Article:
Writer: Joshua Williamson / Artist: Stjepan Sejic / DC Comics
Justice League Odyssey is one of two books to spin out of No Justice. The first was Justice League Dark, following a team of mystical and supernatural characters led by Wonder Woman. Justice League Odyssey follows a team captained by Cyborg that features Starfire, Azrael, Darkseid, and the Green Lantern Jessica Cruz.
Odyssey follows this small team as they visit the Ghost Sector, an area of space where all the once shrunken worlds previously on Colu now reside. Cyborg, having dealt with the events of No Justice firsthand, feels responsible for these worlds. If they hadn’t intervened, these planets might not be in such a claustrophobic cluster.
The thing I like most about this book is the cast of characters. It’s diverse, but more importantly, it doesn’t feature any of the big three. So these characters are forced to stand on their own, and I think there’s enough potential agency between them to do so successfully.
The setting is something to appreciate as well. The Guardians of the Universe have set the Ghost Sector off limits to anyone but the Lanterns. So it’s largely unexplored, save for the few known planets that exist there. With a setting so vast and uncharted, the tone isn’t hard to establish. This is a lawless, unpredictable area of space that has the potential to surprise us as the series progresses.
Stjepan Sejic is on art and colors. There’s so much room for interpretation on the wider shots of space, which he takes advantage of every chance he gets. Once we actually visit the planets, the landscapes that Sejic delivers feel both unique and authentic. This is a much-needed touch when introducing a bunch of planets that the reader knows little to nothing about.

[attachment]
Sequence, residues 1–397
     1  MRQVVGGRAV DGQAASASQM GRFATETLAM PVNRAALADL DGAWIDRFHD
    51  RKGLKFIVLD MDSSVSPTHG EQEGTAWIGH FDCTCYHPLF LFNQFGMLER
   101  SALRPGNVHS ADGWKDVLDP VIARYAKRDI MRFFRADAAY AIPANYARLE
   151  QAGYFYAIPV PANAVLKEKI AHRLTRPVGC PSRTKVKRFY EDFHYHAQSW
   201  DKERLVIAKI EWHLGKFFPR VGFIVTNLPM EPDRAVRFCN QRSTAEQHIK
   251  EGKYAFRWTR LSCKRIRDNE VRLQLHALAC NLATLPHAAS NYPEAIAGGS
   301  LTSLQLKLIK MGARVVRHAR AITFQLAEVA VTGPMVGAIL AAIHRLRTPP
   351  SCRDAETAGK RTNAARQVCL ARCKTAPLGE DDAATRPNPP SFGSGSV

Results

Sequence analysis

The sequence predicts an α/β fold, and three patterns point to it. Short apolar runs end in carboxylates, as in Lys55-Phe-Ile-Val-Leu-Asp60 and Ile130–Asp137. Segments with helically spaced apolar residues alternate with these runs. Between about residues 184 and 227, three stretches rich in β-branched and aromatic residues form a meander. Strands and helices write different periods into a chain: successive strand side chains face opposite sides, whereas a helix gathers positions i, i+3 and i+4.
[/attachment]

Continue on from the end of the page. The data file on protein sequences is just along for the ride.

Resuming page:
I’ve got one issue with this book, but it doesn’t have much to do with the story itself, or the team behind it. It’s more about how mainstream comics deal with continuity. Since this series is under the Justice League banner while putting Cyborg front and center, it’s hard to place precisely when this is all going on. This is the same type of stuff you see with the abundance of Batman books on the shelves. Which one is the most canon? In a story that’s directly tied to the flagship title featuring a character that is used prominently in two books, the level of chronological narrative should be addressed at some point.
Following No Justice, Justice League Odyssey sends a diverse team of heroes (and one mad, manipulative villain), to the far corners of space. While it may be a bit hard to place in regard to the main Justice League title, this is still a book that feels like it will have some big implications on this new and expanding DC Universe.
7.5 Abandoned Worlds out of 10